Monday, February 13th, 2012

I suppose Italophiles or at least the readers of my blog are familiar with Carnevale. If not, surely you know about Mardi Gras in New Orleans or Rio. Carnevale, wherever it is held, usually starts a few days before the start of  Lent and peaks on Fat Tuesday – the day before the start of Lent.  Carnevale is held all over Italy but usually brings to mind Venice. Another one less known here but quite spectacular is the one in Viareggio. Venice is especially famous for masks while Viareggio is famous for floats. And then there is Ivrea which is in a category all it’s own.

In Venice the masks are a long tradition. In fact they were used in the 18th century to anonymize citizens – indeed required at some decision making functions to act as a kind of secret ballot. The tradition of the mask makers there is quite old with a statue commemorating them dating from 1436. Should you go to Venice you will see some great examples and can bring one or more home. Many are quite expensive but there are some more modest ones that only cover the top half of the face that can be had for an affordable price. A mask of this sort is known as a bauta and has the obvious advantage that one can more readily talk, eat and drink – seems like a good thing at Carnevale.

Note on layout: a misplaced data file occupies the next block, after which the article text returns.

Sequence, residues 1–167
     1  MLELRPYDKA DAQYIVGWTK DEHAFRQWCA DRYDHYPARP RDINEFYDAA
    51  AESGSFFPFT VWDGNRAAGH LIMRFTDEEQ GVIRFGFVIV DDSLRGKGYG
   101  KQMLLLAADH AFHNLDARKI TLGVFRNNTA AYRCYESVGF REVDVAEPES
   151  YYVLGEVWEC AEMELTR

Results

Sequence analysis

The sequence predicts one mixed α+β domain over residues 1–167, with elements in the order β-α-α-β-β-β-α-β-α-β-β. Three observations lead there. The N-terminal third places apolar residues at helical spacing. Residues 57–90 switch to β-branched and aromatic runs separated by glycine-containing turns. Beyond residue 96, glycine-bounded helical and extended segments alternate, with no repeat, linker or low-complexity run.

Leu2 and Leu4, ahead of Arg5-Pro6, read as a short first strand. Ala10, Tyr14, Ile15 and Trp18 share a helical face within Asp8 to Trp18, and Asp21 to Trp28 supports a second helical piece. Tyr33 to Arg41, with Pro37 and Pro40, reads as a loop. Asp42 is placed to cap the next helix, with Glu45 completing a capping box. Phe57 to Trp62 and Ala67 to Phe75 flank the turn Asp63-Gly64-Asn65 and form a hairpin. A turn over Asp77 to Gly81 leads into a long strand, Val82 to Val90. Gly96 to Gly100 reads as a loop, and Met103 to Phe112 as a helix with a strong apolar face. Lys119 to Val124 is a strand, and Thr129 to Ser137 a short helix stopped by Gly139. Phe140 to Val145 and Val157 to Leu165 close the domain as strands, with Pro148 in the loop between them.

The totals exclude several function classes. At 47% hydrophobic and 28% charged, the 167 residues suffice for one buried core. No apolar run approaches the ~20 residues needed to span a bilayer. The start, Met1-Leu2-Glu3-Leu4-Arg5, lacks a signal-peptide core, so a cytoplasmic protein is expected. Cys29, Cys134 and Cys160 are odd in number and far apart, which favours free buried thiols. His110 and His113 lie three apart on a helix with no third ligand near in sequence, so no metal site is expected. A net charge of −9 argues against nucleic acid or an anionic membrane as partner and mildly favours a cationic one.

The Viareggio tradition started in 1873 and has gotten quite extravagant as you can see from the photo. Note the enormous size of these things. It makes the Macy’s parade pale by comparison. The figures range from fantasy to entertainment figures to political caricatures. I’d love to see this in person one of these days. As if one really needs an excuse to visit Italy.


One of the more obscure and interesting celebrations is in Ivrea and is called the Battle of the Oranges where people on floats and opposing groups on foot throw, well, oranges at each other. Ah, those Italians. You can read more about it by clicking here for the whole story on Wikipedia. 


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